The time has come to decide what goes in the FAQ.

I think the best way to organize ourselves is for everyone to provide some contribution, so we'll proceed like this:

  1. This question will be edited and updated (half of it, so we preserve this "intructions" part) with the FAQ that, when completed, will be moved to the actual FAQ link up there.

  2. Propose a point in each answer. For example "Translation requests" with some description. I'll post some on my own as a start too.

  3. If you agree with the answer, vote it up; if you disagree with it, vote it down. (Explain why in this case).

For those who don't know, the actual meaning of upvotes and downvotes in Meta mean agreement and disagreement, respectively.

If you want to express something more than a vote, use the comments below. If the comments aren't enough for a certain matter, create another meta post so we can discuss more in depth and then when it's decided, come back here and vote consequently. For minor changes like a change in wording, just edit the answers.

I think it's all for now, if you have questions, you can use the comments under this question.

Note: I think that when this FAQ is ready, we can think of a Chinese version provided by native speakers, but for now let's do the English one. :)


The Chinese Stack Exchange Site is for experts, language enthusiasts and people who have interest in the Chinese language. Whether you're a native speaker or not, this is the place for you. This site is about discussing about the finer points of the language, but also about less expert questions that might be encountered both when learning the language itself or when you're just interested in how it works.

Can I request translation? This is not a translation service, so we will close any translation request that does not show research effort.

Should I post in English or Chinese? Questions and answers can be written both in Chinese and English on the Main Site only. The Meta site should be in English only, though. This is a request by the Stack Exchange team so they can communicate with us. So, on the Main site you can choose either language, but we suggest a guideline that has been used on other Stack Exchange sites as well:

  1. If the question is in English, please answer in English;
  2. If the question is in Chinese, please answer in Chinese.

In either case, if you're not as comfortable in the question's language, you can provide a brief but complete answer in the original language, and then a more detailed answer in your preferred language. Other users may help improve your translation. Translations are not mandatory, they are just helpful for users who are not fully bilingual. But keep in mind that if your answer is correct without providing a translation, the OP might not consider it as much as it deserves.

Can I ask for resources?: The short answer is: It depends.

There are already a few common resource questions collected under the resources tag. We also set up a question that groups resources for learning or improving your Chinese; you're free to add more material to it, but make sure you read the instructions before posting. If you do ask for another list of resources, please be very careful how you phrase your question. Open-ended, chatty questions are explicitly discouraged on the Stack Exchange network. The "Real Questions Have Answers" post gives this advice:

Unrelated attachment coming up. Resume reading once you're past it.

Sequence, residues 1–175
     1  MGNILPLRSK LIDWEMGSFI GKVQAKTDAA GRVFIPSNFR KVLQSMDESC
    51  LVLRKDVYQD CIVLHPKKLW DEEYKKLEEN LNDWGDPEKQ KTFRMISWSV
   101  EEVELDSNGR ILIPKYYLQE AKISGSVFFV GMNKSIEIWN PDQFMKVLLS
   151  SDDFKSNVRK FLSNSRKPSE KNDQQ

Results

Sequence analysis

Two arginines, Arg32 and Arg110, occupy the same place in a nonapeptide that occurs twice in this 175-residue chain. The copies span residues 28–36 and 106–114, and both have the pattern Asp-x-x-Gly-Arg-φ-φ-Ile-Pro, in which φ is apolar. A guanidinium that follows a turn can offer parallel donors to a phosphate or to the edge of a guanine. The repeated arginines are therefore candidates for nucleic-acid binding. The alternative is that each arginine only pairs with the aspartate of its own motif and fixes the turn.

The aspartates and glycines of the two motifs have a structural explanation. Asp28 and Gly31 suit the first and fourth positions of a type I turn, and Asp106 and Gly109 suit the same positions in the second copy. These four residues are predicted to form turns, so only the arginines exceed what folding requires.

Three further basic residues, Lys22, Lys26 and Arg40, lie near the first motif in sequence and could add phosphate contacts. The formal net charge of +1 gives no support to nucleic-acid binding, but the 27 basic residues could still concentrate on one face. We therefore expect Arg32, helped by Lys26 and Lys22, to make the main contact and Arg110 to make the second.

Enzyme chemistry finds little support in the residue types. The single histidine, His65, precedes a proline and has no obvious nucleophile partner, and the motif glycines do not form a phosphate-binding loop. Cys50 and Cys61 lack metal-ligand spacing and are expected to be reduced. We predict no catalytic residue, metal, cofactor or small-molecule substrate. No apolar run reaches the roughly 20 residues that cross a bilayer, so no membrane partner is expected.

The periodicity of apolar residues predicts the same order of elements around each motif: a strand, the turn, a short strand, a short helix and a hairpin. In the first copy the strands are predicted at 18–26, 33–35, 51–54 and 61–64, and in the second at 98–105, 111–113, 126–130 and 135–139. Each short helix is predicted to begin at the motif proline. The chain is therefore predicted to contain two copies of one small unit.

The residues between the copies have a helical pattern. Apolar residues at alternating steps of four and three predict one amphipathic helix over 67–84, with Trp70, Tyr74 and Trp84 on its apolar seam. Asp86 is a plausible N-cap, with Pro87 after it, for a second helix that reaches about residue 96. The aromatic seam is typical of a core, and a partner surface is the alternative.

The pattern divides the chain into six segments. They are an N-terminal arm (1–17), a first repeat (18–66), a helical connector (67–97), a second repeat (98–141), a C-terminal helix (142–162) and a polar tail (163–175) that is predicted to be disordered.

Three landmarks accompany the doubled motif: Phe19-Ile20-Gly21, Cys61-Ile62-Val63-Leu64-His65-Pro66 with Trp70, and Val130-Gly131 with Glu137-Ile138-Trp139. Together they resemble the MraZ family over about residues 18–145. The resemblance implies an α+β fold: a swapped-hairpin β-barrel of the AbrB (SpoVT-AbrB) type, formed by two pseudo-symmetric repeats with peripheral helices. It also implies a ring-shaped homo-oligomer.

"You should only ask practical, answerable questions based on actual problems that you face. Chatty, open-ended questions diminish the usefulness of our site and push other questions off the front page."

We're not saying that you should never ask for a list of suggestions, but when you do, you should ask for something as specific as possible. A source of example sentences, or board games to practice speaking, for example. Avoid vague questions like, "What are some good web sites for learning Chinese?" as they are going to be closed.

If you do have a chatty, open-ended question, visit our chat room.

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For my part, I focus on aspects of the language that take 1) a lifetime to master, 2) less than 100 words to answer, 3) require an expert's advice. Usage, synonyms, nuances, all fit into this bracket. Ideally, i'd be able to compose an essay in Chinese after receiving those 3 things. Ideally I mean. Anyway that's not really an answer, so I put it as a comment. –  magnetar Jan 20 '12 at 20:55
    
@magnetar Were you saying that such points should be considered as on topic? –  Alenanno Jan 20 '12 at 23:12
    
Update: I included a draft for the presentation. –  Alenanno Jan 21 '12 at 0:13
    
Update: Updated the first two questions on the FAQ. I reworded something here and there, but they're roughly the same. :) –  Alenanno Jan 22 '12 at 11:11
    
Update: FAQ updated. –  Alenanno Feb 17 '12 at 13:12

5 Answers 5

Questions/answers in English or Chinese

Questions and answers can be written in Chinese on the Main Site only. The Meta site should be in English only. This is a request by the Stack Exchange team so they can communicate with us, because they don't speak Chinese.